You might notice Phil Mickelson, Dustin Johnson, and the rest of the LIV Golf defectors strolling the grounds at The Country Club at Brookline this weekend during the 2022 U.S. Open. But wait. Didn’t the PGA Tour ban these guys? How come they’re able to compete in a major championship alongside the players who haven’t betrayed the PGA Tour?
Well, the answer is really quite simple. It’s actually one of the main reasons why some of these golfers have decided to ditch the PGA Tour for the lighter schedule and the endless buckets of Saudi cash.
LIV Golf competitors have been banned from the PGA Tour
The PGA Tour isn’t going to simply sit around and watch as its brightest stars leave one by one to join its new rival. Mickelson, Johnson, Bryson DeChambeau, and others have already made the decision to ditch the Tour for LIV Golf, and it can’t afford a mass exodus in the coming weeks.
So, the PGA Tour has decided to fight fire with fire. Ahead of the inaugural LIV Golf Invitational last weekend, PGA Tour commissioner Jay Monahan released a searing letter that stated LIV Golf participants are “suspended or otherwise no longer eligible to participate” in PGA Tour events. That includes all PGA Tour tournaments, the FedEx Cup, and the Presidents Cup.
“These players have made their choice for their own financial-based reasons. But they can’t demand the same PGA Tour membership benefits, considerations, opportunities and platforms as you,” Monahan wrote. “That expectation disrespects you, our fans and our partners.”
The LIV Golf members must’ve seen this coming, but most of them couldn’t care less. Although they can no longer play in PGA Tour events, they’re still allowed to compete in major championships, at least for the time being. How come?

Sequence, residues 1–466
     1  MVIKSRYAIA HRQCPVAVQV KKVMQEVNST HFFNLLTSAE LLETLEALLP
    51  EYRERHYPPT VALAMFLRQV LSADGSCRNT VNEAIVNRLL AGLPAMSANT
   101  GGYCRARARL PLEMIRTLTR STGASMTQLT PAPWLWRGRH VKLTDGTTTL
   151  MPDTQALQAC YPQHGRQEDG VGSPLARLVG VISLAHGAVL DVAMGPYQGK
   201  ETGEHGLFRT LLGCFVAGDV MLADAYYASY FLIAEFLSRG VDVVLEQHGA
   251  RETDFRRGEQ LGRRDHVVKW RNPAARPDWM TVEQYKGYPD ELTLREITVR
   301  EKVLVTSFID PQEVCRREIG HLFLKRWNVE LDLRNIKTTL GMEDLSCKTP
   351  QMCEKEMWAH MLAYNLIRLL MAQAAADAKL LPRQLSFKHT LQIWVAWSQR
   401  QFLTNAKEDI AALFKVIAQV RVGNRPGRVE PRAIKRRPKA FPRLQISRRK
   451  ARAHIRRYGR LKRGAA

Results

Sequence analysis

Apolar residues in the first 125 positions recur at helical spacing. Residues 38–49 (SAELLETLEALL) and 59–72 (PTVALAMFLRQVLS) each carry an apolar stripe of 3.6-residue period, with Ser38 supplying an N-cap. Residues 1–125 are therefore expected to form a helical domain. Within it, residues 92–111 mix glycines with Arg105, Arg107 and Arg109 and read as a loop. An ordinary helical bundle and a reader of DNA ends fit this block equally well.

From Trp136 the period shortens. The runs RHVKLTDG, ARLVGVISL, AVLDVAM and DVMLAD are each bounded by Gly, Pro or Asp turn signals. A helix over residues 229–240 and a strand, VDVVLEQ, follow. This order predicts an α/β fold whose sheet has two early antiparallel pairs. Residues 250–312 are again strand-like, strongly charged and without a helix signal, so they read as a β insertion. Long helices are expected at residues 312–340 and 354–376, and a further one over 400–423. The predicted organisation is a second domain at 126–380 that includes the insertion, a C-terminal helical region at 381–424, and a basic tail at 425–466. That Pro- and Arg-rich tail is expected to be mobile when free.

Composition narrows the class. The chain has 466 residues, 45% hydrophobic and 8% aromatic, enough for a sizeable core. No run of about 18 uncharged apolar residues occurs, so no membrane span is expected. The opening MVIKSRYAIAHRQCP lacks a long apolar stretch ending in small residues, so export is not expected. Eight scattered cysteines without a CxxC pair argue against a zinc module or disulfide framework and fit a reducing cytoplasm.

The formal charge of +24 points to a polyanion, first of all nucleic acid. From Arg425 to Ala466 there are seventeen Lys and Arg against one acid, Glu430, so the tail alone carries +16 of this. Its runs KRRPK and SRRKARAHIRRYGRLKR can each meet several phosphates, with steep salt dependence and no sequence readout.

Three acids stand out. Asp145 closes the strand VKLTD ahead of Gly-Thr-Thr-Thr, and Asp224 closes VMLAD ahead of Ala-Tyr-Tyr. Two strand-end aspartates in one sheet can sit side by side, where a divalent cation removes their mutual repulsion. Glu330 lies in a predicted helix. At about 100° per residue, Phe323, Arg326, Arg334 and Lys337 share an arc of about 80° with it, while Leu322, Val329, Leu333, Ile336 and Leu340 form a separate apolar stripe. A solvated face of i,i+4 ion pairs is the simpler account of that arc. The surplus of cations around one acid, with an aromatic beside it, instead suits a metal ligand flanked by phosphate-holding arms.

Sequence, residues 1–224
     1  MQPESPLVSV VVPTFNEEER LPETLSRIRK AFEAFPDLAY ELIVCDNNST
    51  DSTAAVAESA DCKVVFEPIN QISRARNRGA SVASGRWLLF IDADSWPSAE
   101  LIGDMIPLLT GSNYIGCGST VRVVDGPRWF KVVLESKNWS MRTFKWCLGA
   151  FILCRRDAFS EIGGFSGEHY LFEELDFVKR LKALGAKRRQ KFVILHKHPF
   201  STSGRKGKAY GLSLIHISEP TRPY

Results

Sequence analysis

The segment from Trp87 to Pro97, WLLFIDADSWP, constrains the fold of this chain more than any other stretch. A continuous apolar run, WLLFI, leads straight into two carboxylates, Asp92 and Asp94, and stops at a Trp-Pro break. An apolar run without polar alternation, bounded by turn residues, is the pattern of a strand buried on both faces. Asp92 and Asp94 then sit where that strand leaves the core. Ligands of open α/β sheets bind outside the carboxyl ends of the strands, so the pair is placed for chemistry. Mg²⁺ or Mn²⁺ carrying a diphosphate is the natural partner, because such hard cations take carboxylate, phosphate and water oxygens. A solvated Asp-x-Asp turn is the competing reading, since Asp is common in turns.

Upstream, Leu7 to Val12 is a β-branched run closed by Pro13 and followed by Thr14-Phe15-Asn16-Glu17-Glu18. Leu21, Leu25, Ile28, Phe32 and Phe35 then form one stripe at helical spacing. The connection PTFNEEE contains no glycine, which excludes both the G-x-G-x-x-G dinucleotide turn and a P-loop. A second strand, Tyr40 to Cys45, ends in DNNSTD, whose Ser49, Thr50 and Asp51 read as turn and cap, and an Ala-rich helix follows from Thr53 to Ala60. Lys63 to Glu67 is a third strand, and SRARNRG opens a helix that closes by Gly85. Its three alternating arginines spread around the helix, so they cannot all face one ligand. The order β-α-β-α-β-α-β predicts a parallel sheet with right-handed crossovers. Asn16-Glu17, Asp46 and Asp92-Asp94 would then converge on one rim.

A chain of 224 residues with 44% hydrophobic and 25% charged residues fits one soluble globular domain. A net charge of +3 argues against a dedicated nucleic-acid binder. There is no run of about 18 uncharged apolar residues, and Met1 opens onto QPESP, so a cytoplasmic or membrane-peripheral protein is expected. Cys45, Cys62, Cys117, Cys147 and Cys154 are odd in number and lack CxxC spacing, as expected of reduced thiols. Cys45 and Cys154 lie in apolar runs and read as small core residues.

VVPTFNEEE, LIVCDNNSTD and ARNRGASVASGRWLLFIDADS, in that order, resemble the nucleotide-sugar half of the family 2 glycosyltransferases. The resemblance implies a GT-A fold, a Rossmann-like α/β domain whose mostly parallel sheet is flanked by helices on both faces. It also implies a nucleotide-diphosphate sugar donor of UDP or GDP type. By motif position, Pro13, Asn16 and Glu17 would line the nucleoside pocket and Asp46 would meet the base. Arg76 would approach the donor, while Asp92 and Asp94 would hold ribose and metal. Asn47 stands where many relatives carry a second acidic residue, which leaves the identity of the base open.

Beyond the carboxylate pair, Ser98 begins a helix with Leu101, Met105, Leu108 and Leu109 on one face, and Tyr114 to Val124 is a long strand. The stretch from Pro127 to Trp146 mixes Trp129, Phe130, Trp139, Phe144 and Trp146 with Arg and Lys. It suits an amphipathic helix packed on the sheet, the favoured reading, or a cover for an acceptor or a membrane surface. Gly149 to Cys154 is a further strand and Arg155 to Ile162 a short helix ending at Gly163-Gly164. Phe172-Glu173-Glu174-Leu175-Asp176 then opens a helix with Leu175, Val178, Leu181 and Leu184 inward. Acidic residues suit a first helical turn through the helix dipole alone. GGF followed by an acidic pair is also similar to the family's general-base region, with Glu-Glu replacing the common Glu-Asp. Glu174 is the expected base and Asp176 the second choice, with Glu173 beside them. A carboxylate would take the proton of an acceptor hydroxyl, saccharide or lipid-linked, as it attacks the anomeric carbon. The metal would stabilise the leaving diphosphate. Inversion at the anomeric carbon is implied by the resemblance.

Why are the LIV Golf defectors allowed to play in the U.S. Open?
A large majority of the professional golf events you watch every year are owned and operated by the PGA Tour itself. But the majors are a different story.
The PGA Tour actually doesn’t host any of the four majors, so it doesn’t have the power to decide who can and cannot participate. The Masters Tournament is an invitational event hosted by Augusta National Golf Club. The PGA Championship is run by the PGA of America, which, contrary to popular belief, isn’t the same entity as the PGA Tour. As for the U.S. Open, that’s hosted by the United States Golf Association (USGA). And the Open Championship is run by the R&A.
As much as the PGA Tour wishes it could dictate the major fields right about now, it has just about as much power in that regard as you and I.
And if you’re one of these four groups, why would you restrict many of the most popular players in the world from playing in your premier event? They could care less what tour those players decide to compete on throughout the regular season.
Despite the repercussions LIV Golf participants knew they’d face, they also knew they wouldn’t be shut out of the majors. That saving grace must’ve been the deciding factor for many of them.
This dynamic could change quickly if LIV Golf doesn’t get approved to offer Official World Golf Ranking points, though. In that case, LIV Golf players won’t be able to qualify for majors based on OWGR points alone, and they’d have to find other ways to crack the fields.
Just another fascinating storyline to follow in this war that’s only just begun.